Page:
GDPR Principles – Lawfulness, fairness, transparency

 So after the last issue where we looked at principle 6 – Security, our attention turns to the first principle. The best way to look at this one is to break it down into the 3 parts.

Lawfulness:

Otherwise referred to as the lawful basis for processing there are 6 lawful basis for processing set out in Article 6;

(a) Consent: the individual has given clear consent for you to process their personal data for a specific purpose.

(b) Contract: the processing is necessary for a contract you have with the individual, or because they have asked you to take specific steps before entering into a contract.

(c) Legal obligation: the processing is necessary for you to comply with the law (not including contractual obligations).

(d) Vital interests: the processing is necessary to protect someone’s life.

(e) Public task: the processing is necessary for you to perform a task in the public interest or for your official functions, and the task or function has a clear basis in law.

(f) Legitimate interests: the processing is necessary for your legitimate interests or the legitimate interests of a third party unless there is a good reason to protect the individual’s personal data which overrides those legitimate interests. (This cannot apply if you are a public authority processing data to perform your official tasks.) 

If you are processing any data without considering this first, I strongly recommend taking a look and making sure that you have a lawful basis sooner rather than later. The most common reasons given in my opinion would be consent (someone signing up to your website and checking a consent tick box for example) and legitimate interests – which as a term itself is quite loose, and from talking to various companies it seems to be the go to answer when they’re not too sure if the can process data or not, stating that it’s in their interest to sell their goods or services. Let’s take a closer look at this one and explore why this is the case.

Legitimate interests:

According to the ICO, Legitimate interests are the “most flexible lawful basis for processing” but as a business, you can’t always just assume that it’s ok. The ICO suggests using a 3 part test:

  1. Purpose test: are you pursuing a legitimate interest?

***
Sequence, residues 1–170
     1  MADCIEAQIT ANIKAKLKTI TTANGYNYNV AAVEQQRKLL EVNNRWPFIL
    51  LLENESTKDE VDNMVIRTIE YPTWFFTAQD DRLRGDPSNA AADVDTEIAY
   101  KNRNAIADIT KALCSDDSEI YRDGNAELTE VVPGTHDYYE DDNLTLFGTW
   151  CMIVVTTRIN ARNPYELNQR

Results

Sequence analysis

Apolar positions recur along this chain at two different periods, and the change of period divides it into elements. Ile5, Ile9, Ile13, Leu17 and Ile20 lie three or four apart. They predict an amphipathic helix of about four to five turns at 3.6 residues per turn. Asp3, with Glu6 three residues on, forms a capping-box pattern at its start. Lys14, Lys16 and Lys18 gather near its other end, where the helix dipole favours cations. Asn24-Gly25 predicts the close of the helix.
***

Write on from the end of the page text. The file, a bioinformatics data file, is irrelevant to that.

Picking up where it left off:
2. Necessity test: is the processing necessary for that purpose?
  3. Balancing test: do the individual’s interests override the legitimate interest?

 In addition to this, the GDPR also states that you cannot rely on legitimate interests if there is another less intrusive way of achieving the same result.

 If you’re already using legitimate interest as a processing basis, we recommend that you look and see if the processing is necessary – meaning that the processing is a proportionate way of achieving your purpose.

 Should we document our lawful basis?

YES! The accountability principle needs you to demonstrate compliance against the GDPR – We’ll cover this in more depth in next months issue but in brief you need to be able to show that you have considered which lawful basis applies to each processing purpose – enabling you to justify your decisions. There is no set template for this, so you can make it as simple or detailed as you like – as long as the must haves are present: Which process, Which lawful basis, Justification.

Fairness:

Fairness means that you should only handle personal data in a way that people would reasonably expect – and not use it in ways that could potentially have adverse affects on them. A good way to break this one down is to look at how the personal data was obtained in the first place. If anyone has been misled about what their data was being used for, the chances are that this principle is being breached.

Transparency:

 When transparency is talked about, what we mean is that you need to be fair, open and honest with people from the start. This can include but is not limited to: Who you are and why you use their data.

 Let’s not forget, data subjects have a choice whether or not to have a relationship with you. If the individuals whose data is being processed, know why it’s being processed you are less likely to end up with a DSAR landing in your inbox – potentially saving you hours of effort to resolve.

 When telling them how their information is processed (in your policies for example) you must write them in clear and plain language, making it easy for everyone to understand and keeping jargon free!